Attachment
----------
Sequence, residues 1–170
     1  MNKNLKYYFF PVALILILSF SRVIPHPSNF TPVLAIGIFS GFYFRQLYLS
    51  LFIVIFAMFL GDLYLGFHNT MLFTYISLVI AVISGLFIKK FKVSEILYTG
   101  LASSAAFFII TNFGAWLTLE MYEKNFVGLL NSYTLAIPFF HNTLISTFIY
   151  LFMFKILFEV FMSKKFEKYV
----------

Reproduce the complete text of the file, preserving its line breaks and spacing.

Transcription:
Sequence, residues 1–170
     1  MNKNLKYYFF PVALILILSF SRVIPHPSNF TPVLAIGIFS GFYFRQLYLS
    51  LFIVIFAMFL GDLYLGFHNT MLFTYISLVI AVISGLFIKK FKVSEILYTG
   101  LASSAAFFII TNFGAWLTLE MYEKNFVGLL NSYTLAIPFF HNTLISTFIY
   151  LFMFKILFEV FMSKKFEKYV